Despite some discernible progress in privacy protection since the European Union's General Data Protection Regulation (GDPR) was enacted one year ago, in America it’s practically non-existent. In a Microsoft blog post, Corporate VP & Deputy General Counsel, Julie Brill recounted the progress that has been made since GDPR’s adoption, concluding with a predictable call for further progress to be made in the year to come, including adoption of uniform federal legislation similar to the EU GDPR.
GDPR is “a ground-breaking privacy framework that empowers residents of the EU to control their personal information so they can use digital technologies to engage freely and safely with each other and with the world.” And while GDPR protections were also adopted in many other countries worldwide, including Brazil, China, India, Japan, South Korea and Thailand, the United States is noticeably missing from requiring similar protections for its citizens.
Ms. Brill notes that Microsoft’s own pioneering adoption of GDPR protections for its customers, are being used by “18 million people from around the world…to manage their personal information.” She also points out the country with the highest engagement is the U.S. at 6.7 million. However, with a population of nearly 330 million, that amounts to about 2% of all Americans. Thus, nearly 98% of Americans are not using the Microsoft privacy protection platform, and Microsoft is the platform privacy leader.
Ms Brill goes on to explain how Microsoft has made progress in protecting privacy, announced new steps to increase transparency regarding data collection and developed new privacy tools. And then it dawned on us. When was the last time we saw a law firm announce rich bold steps to secure confidential client data and information?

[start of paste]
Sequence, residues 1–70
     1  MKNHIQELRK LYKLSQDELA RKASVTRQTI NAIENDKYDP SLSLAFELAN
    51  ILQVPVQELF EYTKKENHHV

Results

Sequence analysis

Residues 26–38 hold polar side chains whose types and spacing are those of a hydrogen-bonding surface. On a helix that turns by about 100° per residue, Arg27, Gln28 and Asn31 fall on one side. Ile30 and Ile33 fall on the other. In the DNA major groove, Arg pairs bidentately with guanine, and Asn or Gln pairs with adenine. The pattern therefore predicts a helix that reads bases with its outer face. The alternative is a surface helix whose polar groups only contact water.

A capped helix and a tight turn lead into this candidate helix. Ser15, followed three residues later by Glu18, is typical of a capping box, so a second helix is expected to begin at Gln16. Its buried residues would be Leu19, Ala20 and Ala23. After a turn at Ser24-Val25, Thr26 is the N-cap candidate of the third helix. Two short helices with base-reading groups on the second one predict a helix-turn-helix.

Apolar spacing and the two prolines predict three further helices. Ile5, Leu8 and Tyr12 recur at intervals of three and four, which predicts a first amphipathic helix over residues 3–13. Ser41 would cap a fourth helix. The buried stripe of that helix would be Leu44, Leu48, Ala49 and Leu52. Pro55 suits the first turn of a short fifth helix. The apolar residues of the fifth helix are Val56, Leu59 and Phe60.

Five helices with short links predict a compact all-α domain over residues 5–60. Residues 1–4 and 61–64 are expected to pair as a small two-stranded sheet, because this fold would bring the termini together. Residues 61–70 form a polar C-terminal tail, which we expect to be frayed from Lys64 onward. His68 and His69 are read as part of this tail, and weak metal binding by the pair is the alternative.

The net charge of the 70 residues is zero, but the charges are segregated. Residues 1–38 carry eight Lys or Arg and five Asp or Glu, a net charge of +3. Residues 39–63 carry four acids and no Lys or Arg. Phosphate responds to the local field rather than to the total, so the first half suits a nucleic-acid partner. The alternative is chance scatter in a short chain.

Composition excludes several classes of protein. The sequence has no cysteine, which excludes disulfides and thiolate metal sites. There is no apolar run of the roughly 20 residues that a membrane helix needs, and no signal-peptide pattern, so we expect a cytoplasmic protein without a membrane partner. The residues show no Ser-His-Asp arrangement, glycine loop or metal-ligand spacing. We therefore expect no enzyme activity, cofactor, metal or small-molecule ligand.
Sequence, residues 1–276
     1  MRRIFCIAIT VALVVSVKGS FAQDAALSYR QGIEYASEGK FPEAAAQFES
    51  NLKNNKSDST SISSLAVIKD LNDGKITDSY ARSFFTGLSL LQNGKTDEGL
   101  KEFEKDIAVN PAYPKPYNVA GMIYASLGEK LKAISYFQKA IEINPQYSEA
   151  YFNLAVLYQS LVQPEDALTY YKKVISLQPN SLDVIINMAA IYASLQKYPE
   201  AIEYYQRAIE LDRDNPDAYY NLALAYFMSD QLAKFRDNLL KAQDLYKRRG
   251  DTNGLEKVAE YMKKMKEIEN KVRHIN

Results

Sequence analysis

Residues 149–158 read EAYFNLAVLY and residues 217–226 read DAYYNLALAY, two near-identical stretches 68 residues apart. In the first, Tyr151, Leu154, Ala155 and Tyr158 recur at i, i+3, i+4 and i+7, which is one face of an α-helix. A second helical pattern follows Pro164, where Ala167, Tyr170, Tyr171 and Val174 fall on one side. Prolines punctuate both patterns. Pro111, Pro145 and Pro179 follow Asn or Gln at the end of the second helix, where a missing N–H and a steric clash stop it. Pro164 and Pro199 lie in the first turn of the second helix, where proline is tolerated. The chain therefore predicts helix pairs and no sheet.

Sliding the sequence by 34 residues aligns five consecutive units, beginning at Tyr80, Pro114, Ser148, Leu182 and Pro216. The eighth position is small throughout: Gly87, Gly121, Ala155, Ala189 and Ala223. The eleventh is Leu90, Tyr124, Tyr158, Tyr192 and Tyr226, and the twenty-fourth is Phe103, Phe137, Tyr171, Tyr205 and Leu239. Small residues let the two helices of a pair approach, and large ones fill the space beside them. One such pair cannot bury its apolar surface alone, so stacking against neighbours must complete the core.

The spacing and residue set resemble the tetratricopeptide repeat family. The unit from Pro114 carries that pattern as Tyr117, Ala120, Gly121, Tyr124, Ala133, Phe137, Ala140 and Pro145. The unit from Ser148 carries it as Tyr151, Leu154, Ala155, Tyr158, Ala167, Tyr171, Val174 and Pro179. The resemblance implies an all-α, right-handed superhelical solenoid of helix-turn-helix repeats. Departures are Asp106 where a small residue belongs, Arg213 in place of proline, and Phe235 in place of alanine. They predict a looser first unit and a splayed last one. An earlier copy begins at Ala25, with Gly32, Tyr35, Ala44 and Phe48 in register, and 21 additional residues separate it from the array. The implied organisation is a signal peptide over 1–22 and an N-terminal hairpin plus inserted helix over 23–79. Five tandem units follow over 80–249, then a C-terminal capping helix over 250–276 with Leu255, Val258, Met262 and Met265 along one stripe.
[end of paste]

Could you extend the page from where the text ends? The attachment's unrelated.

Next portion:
The answer is, there isn’t a last time, though hopefully firms are doing so without fanfare. We suspect the vast majority of law firms in America are making some effort to protect their client’s sensitive information.
With that in mind, here are several suggestions to start improving privacy protection protocols:
- Onboard all new clients to a cyber and info -security platform that includes full data encryption, differential sharing, differential access, and monitoring, cradle-to- grave.
- Take the opportunity to do the same for existing clients, protecting all existing clients and matters with cyber and info-security protocols, tools, and software, along with attorney-client interactive training on security tools.
- Do the same with third party vendors. New vendors who share confidential information should be onboarded within a full cyber and info-security platform, and existing vendors should be required to do the same within a mutually agreed timeframe…because, as we know, lawyers may well be responsible for the data and info-security breaches of their entrusted vendors that negatively impact their clients.
Finally, announce all of this in the firm newsletter and make a rich, bold commitment to becoming leaders in cyber and info-security. Only in this way will a big enough wave movement sweep across America to provide our citizens the level of privacy protection they deserve, while legal professionals become leaders rather than bedraggled followers. While Ms. Brill stated, “Now it is time for Congress to take inspiration from the rest of the world and enact federal legislation that extends the privacy protection of GDPR”, we would add: “with the legal profession not only doing its part, but leading the way to enhanced privacy protections for all Americans.”